Another find from this spring camera fair, turned out to be older than I thought, and also cooler.
A few months ago I went together with fancholland2 to a camera fair (mentioned already in a film review) where I found this beauty, looking very well kept, and quite small… I thought this is quite a new camera, a sort of a gimmick – a small 35mm folding camera. I thought that the folders were made medium format and larger. Well, I was wrong on almost all of my assumptions (it was well kept).
The Balda Baldinette was made in 1950 in by Balda Bunde Kamera-Werk in West-Germany. It sports a Schneider-Kreuznach Radionar f/2.9 50mm lens and a Prontor-S shutter. Shutter speed 1-1/300 and B. Aperture settings 3.5-16, even though the pointer turns quite a bit over the 16 and under the 3.5, so I’d say it’s probably 2.8-22. Focus distance is between 1.2m to infinity. Again, focus dial can turn a bit over the 1.2 mark, so it is actually 1.1m. It also has a self-timer, cable release option and a tripod mount. The Baldinette has a few (handy) defense mechanisms, helping you to save film, but do not really stand in your way to being creative. The shutter needs to be cocked before firing, but this can be done independently from advancing the film, meaning endless exposures with no effort. In order to advance the film, you need to press in a safety button, preventing involuntary film advancing. After you advanced a frame, the safety is locked until you fire the shutter again, so you can’t advance more then one frame at a time, which eliminates the question “did I advance the film after the last frame?”, which can be sometimes difficult to answer, after you did not use the camera for a few days.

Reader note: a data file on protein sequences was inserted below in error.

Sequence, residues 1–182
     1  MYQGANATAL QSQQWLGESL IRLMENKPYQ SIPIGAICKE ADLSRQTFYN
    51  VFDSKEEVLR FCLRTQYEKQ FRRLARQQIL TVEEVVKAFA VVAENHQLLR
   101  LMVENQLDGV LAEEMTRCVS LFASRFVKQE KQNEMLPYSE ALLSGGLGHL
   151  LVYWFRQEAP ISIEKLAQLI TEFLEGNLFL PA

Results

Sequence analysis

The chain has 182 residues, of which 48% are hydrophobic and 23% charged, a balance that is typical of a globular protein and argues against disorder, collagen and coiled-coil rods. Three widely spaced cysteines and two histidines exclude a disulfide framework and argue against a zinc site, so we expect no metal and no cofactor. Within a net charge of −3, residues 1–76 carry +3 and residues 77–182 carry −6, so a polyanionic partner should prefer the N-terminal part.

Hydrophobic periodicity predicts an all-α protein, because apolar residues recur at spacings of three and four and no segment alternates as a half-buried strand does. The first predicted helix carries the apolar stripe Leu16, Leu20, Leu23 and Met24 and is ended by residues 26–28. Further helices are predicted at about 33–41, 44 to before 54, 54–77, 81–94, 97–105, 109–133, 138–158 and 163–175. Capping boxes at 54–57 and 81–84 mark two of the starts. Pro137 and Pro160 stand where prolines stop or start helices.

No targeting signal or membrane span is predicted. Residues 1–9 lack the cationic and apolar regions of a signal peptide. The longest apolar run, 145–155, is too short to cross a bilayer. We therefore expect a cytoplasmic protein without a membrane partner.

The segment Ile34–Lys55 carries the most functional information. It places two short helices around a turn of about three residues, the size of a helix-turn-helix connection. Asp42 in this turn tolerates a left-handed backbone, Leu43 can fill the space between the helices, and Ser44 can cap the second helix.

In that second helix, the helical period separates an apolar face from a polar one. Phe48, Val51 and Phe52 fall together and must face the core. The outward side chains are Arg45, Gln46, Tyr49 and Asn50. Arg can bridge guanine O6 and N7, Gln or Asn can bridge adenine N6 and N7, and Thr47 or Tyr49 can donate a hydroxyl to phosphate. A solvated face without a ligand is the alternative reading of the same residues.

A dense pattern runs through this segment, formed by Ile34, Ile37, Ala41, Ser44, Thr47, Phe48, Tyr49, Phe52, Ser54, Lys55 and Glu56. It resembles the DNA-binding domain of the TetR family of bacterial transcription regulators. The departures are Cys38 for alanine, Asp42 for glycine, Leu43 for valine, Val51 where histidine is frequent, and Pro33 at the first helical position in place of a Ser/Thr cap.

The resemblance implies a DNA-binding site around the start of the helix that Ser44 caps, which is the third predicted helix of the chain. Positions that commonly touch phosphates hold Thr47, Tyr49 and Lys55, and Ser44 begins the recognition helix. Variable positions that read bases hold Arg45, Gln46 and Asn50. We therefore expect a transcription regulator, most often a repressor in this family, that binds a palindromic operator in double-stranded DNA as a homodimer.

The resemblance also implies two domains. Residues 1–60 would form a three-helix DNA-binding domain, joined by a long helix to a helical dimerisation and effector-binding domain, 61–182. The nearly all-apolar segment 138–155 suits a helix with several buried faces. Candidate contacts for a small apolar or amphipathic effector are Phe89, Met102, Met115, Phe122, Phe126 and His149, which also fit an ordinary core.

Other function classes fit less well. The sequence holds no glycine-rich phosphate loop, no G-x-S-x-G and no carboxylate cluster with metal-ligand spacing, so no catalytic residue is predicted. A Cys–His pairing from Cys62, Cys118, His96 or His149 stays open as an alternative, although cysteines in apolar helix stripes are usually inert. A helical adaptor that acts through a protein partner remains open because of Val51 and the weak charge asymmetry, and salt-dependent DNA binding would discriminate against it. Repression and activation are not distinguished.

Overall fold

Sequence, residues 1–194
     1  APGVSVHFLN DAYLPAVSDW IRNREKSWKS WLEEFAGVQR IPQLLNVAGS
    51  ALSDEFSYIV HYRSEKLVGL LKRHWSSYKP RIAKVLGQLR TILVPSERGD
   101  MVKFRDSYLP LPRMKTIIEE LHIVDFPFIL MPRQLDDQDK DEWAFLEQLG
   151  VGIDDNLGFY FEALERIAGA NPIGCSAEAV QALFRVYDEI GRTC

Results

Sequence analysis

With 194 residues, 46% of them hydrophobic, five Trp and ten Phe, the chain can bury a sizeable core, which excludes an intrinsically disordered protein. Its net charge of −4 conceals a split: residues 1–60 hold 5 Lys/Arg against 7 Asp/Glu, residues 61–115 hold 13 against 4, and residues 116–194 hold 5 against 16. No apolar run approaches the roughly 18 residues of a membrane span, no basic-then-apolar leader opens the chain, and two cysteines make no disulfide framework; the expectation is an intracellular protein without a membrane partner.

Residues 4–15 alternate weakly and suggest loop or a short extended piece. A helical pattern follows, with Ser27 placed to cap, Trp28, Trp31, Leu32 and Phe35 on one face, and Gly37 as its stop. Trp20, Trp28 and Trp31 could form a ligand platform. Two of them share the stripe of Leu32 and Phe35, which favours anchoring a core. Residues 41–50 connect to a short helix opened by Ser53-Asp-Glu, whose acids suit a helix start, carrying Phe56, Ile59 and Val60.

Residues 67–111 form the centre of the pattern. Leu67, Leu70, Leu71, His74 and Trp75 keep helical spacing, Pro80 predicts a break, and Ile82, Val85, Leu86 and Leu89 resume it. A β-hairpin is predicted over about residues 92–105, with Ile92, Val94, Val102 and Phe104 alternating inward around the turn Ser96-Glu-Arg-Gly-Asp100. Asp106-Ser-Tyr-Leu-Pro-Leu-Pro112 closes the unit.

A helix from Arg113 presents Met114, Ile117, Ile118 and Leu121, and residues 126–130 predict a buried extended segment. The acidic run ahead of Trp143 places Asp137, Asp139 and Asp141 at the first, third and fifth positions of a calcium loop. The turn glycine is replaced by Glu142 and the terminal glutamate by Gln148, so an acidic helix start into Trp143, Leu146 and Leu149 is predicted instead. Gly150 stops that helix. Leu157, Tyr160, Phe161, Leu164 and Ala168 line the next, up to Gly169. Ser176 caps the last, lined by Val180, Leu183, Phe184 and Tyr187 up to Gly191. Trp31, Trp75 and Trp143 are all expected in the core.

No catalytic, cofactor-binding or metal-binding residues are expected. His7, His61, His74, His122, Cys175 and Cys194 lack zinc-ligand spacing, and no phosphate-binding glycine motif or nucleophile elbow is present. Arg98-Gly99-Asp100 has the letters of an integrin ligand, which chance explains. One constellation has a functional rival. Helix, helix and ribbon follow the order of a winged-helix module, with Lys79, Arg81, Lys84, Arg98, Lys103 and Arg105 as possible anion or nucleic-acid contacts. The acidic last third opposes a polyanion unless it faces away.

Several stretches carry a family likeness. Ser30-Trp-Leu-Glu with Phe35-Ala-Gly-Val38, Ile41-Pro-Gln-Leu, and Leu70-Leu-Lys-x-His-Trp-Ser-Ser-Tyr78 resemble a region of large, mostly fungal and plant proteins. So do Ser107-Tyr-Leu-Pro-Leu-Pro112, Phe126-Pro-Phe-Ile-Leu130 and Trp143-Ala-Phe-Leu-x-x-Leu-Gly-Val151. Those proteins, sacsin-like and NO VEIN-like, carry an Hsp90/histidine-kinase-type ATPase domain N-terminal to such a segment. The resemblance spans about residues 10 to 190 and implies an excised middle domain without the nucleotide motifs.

The viewfinder on the Baldinette is ridiculously useless. it is so small you really have to press the camera against your eye in order to see the full frame. In my camera it is also quite foggy, which makes it also more useless. But hey, that is actually a positive point! More shooting from the hip… The camera is built on a die-cast body, and is therefore very sturdy and, quite heavy. This small lady weighs 450gr. Not really perfect for putting in your pocket, though the size is perfect for that purpose.
I got the camera for 20 Euro in that fair, and it was in a very good condition. There was still a B&W film in the camera, half used. I shot the rest of it and got it developed, but unfortunately the most of it was gone. Only the last four frames I shot came out, with beautiful expired-film effects.
The Baldinette seems to give a nice vintage feel to the images, I even got a slight vignetting in a few photos. It is quite easy to operate, and I love the feel and look of it. It is a very well built camera and I’d think that unless really mutilated, it would age well. So if you get the chance, get one…
I definitely recommend the Baldinette!